The debut memoir of P. Carl’s journey to become the man he always knew himself to be. For fifty years, he lived as a girl and a queer woman, building a career, a life, and a loving marriage, yet still waiting to realize himself in full.
One of the most striking effects of Carl’s 'doubling' is the insight it offers into how difficult it is to be a good man ... a book that could easily span several books, but its ambition is to be all-encompassing, to lay all of its contradictions in one space and see what complicated truths arise. Depending on one’s desire for narrative unity, this can feel, at times, a bit jarring. Carl chooses not to dramatize the ending to several plot threads, most notably the story of how he and D’Amico healed their marriage. Nearing its final pages, I had scrawled so many questions in the margins that I began to question the nature of my curiosity. A new thought emerged: that this is one of the risks and delights of a good memoir. If the writer has done the job well, the reader falls in love — and one principal feature of love is that it craves access to every part of you.
... wondrous ... Carl also addresses issues of white male privilege, which he unapologetically embraces after being invisible most of his life. Yet he is acutely aware of the toxic masculinity that shapes mainstream culture, from Brett Kavanaugh to the current occupant of the White House, a poison he hopes to transcend. Carl has written a poignant and candid self-appraisal of life as 'a work in progress.'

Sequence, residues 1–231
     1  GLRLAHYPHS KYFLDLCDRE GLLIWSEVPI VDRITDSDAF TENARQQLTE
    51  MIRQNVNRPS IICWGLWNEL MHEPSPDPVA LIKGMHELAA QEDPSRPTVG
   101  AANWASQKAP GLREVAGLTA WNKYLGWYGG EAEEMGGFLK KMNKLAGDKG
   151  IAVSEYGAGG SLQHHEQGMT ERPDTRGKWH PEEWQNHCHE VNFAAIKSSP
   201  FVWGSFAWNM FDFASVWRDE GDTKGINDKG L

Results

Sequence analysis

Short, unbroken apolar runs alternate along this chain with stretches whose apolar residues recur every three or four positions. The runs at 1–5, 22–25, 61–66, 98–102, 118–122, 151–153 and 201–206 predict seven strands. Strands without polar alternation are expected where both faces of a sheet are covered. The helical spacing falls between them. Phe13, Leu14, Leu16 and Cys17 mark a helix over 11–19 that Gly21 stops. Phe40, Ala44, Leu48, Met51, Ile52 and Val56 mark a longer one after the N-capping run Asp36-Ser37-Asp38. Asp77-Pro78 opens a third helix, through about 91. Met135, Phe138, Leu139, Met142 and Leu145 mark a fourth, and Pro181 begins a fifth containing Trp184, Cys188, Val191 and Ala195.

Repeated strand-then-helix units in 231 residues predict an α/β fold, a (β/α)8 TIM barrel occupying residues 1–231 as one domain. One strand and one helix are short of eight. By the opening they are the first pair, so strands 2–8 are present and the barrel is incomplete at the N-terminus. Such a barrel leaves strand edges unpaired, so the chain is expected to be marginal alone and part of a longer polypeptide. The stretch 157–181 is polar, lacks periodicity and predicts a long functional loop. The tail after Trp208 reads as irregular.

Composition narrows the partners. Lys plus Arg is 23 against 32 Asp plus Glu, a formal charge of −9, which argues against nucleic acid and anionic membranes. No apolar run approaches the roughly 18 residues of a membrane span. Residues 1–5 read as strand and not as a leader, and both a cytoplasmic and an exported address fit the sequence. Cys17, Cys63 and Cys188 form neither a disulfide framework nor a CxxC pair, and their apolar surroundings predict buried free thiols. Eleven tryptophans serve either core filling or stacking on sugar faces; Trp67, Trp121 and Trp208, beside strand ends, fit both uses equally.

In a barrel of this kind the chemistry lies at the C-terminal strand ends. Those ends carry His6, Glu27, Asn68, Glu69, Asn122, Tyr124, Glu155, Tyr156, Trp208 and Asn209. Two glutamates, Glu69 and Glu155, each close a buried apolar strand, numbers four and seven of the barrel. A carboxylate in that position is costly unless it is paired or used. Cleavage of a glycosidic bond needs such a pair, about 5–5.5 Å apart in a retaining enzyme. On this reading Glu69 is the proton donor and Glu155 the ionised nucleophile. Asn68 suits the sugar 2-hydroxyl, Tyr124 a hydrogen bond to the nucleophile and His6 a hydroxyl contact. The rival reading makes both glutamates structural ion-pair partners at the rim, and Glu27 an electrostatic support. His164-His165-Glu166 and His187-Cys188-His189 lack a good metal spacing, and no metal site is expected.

Carl marks his debut with a series of chapters that read more like individual essays than a continuous narrative ... Introspective and self-interrogating, this story of gender transition offers a nuanced perspective, which helps pluralize and diversify descriptions of the experience. Carl’s prose is generally clear, though in the chapter Traveling with Men, a story that details a hiking expedition and which juggles several personalities, Carl sometimes struggles with clarity. But throughout, Carl offers a level of intimacy and self-reflection that is fairly unique, especially given the highly personal content ... This is a memoir of the present, without closure or resolution, and the narrative sometimes feels incomplete or unsatisfying. Still, many readers will appreciate Carl’s honesty and perhaps read this work alongside Charlie Cragg’s excellent anthology, To My Trans Sisters.